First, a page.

McCrory Corp., one of the last major retailers clinging to the declining variety store business, told creditors it was unable to pay $3.4 million in debt due today.
Analysts said the announcement could foreshadow a Chapter 11 bankruptcy filing.
The York, Pa.-based company said it was "examining all of its restructuring options."Paul Weiner, the company's chief financial officer, declined to comment.
McCrory's announcement comes two months after the chain said it would close 229 stores, leaving it with about 820 across the country. The company operates about a dozen McCrory's and a half-dozen G. C. Murphy stores in the Baltimore area.
The company also plans to create a reserve of between $80 million and $120 million to cover costs associated with the closing of the 229 stores, according to a recent filing with the Securities and Exchange Commission.
McCrory also disclosed in the SEC filing that it does not expect to have sufficient funds for payment of about $75 million of its variable-rate debt, which bondholders said they would cash in July 15, two years before they mature.
McCrory's joins a growing list of retail companies, led by R. H. Macy Co. and Zales Corp., that have defaulted on debt payments since a sluggish holiday sales season. Both Macy and Zales have since filed for protection from creditors under Chapter 11 of the U.S. Bankruptcy Code.
Howard Davidowitz, chairman of the Davidowitz & Associates retail consulting firm in New York, said McCrory's has been attempting to restructure without a bankruptcy filing for some time, apparently unsuccessfully.
"I think it's going to end up in Chapter 11,"Mr. Davidowitz said, adding that he doubts the restructuring would be successful because McCrory's problems run deeper than high debt levels.
"Clean up the balance sheet and I don't know if you have a viable company," he said.
Mr. Davidowitz added that McCrory is a "pure variety play" in a market where the old-fashioned five-and-dime is being chewed up by large discount chains.
The biggest of those, Wal-Mart Stores, recently began its expansion into McCrory's home territory by building a giant new store next to McCrory's corporate headquarters in York.
"You build a Wal-Mart,what sane person would go to a variety store?" asked Mr. Davidowitz, citing the discount chain's lower prices and greater selection. "You'd have to be certifiably crazy."
McCrory's problems have been compounded in recent months by the growing reluctance of suppliers to send merchandise except on the harshest credit terms.
Last month, after a poor Christmas sales season, McCrory's President Robert M. Spencer met with suppliers and lenders in New York in an apparently futile attempt to persuade them to stand behind the company.
McCrory's has been ringing up steady losses for more than a year. Over the first three quarters of 1991, it lost $42.3 million, about the same as in the same period of 1990, as sales fell 7.2 percent, to $961 million. Fourth-quarter figures have not been reported, but they are unlikely to bring any relief.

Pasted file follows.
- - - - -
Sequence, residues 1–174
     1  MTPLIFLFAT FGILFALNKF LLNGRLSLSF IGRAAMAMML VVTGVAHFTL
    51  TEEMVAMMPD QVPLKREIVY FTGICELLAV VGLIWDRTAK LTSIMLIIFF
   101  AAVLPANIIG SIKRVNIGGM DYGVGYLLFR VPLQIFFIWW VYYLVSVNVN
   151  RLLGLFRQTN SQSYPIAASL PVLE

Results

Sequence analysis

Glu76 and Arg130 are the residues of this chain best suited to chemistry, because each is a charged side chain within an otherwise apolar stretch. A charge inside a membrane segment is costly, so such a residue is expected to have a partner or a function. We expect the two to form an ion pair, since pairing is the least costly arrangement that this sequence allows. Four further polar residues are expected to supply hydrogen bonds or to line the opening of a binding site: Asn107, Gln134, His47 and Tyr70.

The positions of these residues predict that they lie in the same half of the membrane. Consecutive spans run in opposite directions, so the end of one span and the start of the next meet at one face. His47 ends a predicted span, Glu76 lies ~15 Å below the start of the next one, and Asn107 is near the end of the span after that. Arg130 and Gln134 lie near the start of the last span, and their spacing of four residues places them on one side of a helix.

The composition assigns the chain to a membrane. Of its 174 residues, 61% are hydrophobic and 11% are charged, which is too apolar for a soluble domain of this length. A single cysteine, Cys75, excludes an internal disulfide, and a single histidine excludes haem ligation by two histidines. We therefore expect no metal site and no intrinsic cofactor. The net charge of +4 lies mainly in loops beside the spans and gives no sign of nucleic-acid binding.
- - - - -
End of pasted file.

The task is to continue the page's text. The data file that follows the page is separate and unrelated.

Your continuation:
The McCrory's announcement yesterday directly affects holders of its 6.5 percent convertible subordinated debentures, which are scheduled to mature tomorrow.
McCrory's said it would not pay either the $3.4 million principal or the interest on the debentures. A debenture is a company's unsecured promise to pay a creditor.
In McCrory's case it is convertible to stock. Debenture holders are generally the least senior debt holders -- just one step above stockholders.
McCrory is owned by Riklis Family Corp., headed by Meshulam Riklis, a native of Turkey who emigrated to the United States from Tel Aviv, Israel, in 1947. Mr. Riklis has a long history of controversial business dealings, and one of his bond offerings in the early 1980s is said to have given rise to the term "junk" bonds, conferred by Michael Milken, who would later become known as Drexel Burnham Lambert's junk bond king.
Mr. Riklis' complicated financial empire has been torn by deep financial troubles in recent years. Last year, one of the family's other companies defaulted on $400 million in bonds, prompting several debt rating companies to urge suppliers to be cautious about extending credit to McCrory's.
Mr. Riklis gained ownership of McCrory Corp. in 1990 as part of the restructuring of McCrory's former parent, E-II Holdings Inc., after it ran into debt problems.
As part of that settlement, Mr. Riklis stepped aside as chairman of E-II -- which also owned the Samsonite luggage and Culligan water softener companies -- but retained McCrory.
Besides McCrory's and G. C. Murphy, the corporation also operates under the names J. J. Newberry, H. L. Green and S. H. Kress.